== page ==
Two-thirds of adults in favour of ‘right to disconnect’ law, research shows

But experts say legislation alone will not address the real reasons why employees fail to switch off from work-related communications outside office hours

The majority of Brits support the creation of a ‘right to disconnect’ law that would put limits on workplace communication outside office hours, a poll reveals.

A survey of 1,050 UK adults, conducted by Ipsos, found that six in 10 (60 per cent) would support the introduction of a law giving employees the right to ignore work-related communication outside working hours.

More than half (55 per cent) also said it was unacceptable for employers to expect their employees to check for work-related communications out of hours, while a similar proportion said the same about being expected to send (57 per cent) or respond to (58 per cent) out-of-hours communications.



The survey found that more than two-thirds (67 per cent) of respondents said they currently read or respond to work-related communications outside of working hours.

This included two in five (43 per cent) who checked work-related communications and 40 per cent who replied to them out of hours. A third (34 per cent) of respondents said they proactively sent work-related communications out of hours.

Just 30 per cent of respondents said they did not communicate with work outside of their official working hours.


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However, Ben Willmott, head of public policy at the CIPD, warned that a legal right to disconnect would have a limited impact, and alone would not address why people feel they cannot switch off.

He cited issues such as heavy workloads, a lack of support and unreasonable management expectations as causes for the inability to disconnect. “Simply giving [staff] the legal right to choose not to respond to calls, emails or other digital communication outside of working hours won’t resolve these issues or necessarily improve wellbeing,” he said.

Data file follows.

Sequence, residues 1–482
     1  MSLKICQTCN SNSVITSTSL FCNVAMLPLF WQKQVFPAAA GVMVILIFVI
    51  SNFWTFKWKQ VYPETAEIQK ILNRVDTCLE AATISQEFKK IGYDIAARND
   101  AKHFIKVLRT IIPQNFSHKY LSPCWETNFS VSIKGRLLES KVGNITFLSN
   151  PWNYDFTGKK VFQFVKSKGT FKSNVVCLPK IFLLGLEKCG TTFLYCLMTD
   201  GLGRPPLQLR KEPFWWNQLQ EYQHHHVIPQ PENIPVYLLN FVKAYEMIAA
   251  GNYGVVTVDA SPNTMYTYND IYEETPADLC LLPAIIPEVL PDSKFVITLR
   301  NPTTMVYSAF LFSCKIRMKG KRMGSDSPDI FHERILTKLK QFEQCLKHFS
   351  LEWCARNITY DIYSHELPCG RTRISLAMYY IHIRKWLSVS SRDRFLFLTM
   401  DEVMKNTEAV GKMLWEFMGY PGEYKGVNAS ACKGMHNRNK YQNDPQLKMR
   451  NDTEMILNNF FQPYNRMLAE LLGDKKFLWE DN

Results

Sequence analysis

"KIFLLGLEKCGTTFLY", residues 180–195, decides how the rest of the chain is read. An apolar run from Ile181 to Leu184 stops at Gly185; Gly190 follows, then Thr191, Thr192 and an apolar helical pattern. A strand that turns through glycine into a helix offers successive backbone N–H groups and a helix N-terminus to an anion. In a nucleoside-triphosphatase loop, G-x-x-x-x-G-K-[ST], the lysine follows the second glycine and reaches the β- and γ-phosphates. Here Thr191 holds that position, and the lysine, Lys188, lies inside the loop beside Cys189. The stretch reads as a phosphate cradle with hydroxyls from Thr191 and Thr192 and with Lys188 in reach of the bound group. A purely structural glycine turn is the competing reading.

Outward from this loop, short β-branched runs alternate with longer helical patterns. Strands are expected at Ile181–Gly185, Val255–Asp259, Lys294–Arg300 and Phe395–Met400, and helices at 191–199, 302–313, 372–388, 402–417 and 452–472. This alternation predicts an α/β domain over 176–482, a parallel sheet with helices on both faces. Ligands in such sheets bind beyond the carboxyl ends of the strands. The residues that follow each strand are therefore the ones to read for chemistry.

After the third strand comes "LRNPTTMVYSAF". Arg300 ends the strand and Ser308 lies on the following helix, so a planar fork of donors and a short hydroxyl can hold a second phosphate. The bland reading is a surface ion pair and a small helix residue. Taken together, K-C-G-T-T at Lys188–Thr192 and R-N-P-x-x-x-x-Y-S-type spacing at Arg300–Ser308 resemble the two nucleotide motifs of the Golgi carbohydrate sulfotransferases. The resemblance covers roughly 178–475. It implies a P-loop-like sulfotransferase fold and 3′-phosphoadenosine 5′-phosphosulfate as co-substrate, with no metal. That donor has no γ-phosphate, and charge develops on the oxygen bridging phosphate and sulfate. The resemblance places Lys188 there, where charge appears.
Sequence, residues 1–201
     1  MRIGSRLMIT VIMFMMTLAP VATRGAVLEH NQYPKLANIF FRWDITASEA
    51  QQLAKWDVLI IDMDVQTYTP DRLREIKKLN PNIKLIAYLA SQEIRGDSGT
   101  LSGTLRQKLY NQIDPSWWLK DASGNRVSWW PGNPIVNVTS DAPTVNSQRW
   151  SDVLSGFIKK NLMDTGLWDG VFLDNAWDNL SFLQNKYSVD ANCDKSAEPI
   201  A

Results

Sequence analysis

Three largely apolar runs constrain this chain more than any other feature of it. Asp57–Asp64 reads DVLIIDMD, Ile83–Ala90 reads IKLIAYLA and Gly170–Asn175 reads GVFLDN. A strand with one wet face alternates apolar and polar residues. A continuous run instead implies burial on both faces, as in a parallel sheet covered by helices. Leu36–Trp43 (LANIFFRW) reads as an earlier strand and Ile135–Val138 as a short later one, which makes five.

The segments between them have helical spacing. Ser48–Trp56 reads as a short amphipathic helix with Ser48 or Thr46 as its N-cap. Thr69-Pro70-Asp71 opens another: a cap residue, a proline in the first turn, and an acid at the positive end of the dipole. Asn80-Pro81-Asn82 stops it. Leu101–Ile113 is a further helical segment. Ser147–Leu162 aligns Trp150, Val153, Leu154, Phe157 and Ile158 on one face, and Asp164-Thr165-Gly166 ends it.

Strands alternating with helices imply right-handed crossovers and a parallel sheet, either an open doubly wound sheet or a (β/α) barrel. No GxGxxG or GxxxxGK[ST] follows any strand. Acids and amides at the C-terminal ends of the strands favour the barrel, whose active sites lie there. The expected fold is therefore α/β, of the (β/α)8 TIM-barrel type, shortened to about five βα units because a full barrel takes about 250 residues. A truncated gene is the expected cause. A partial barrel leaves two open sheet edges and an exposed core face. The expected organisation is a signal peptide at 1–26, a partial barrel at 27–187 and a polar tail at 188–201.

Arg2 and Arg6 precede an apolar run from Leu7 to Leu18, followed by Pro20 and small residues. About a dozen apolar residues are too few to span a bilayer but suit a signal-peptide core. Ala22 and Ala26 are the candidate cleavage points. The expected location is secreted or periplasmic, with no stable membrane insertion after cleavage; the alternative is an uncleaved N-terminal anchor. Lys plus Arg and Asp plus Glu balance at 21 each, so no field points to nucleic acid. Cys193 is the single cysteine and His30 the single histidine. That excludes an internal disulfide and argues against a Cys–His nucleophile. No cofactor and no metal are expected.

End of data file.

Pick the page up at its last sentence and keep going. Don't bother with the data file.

"Employers should make it clear that employees don’t have to respond to digital communications outside working hours unless it suits them,” Willmott added, highlighting that managers needed to provide staff with achievable objectives and maximise flexible working opportunities to help staff balance competing work and home pressures.

The report also found that young people in particular seemed to assume communications outside working hours were ‘normal’, with over half (56 per cent) of 16-to-34-year-olds indicating this, compared with a third (34 per cent) of 35-to-75-year-olds.

People earning upwards of £55,000 a year were also more likely to be checking, replying to and sending work-related communications outside of working hours (82 per cent, compared to 65 per cent of workers earning under £55,000).

Paul Kelly, head of employment law at Blacks Solicitors, said that employers should review their procedures for home working and assess their expectations of employees when it came to dealing with workplace issues outside of contracted hours. 

“While we may not yet have a right to disconnect in the UK, it is always good practice to make sure that the demands of the employer, even in these strange times, do not jeopardise the health of its workforce,” he explained.

Kelly cited how this law has been in force in France since 2016 and that, in 2018, a UK employer was fined for requiring an employee based in France to keep his telephone on permanently so that he could always be contacted by colleagues and customers, even outside of working hours.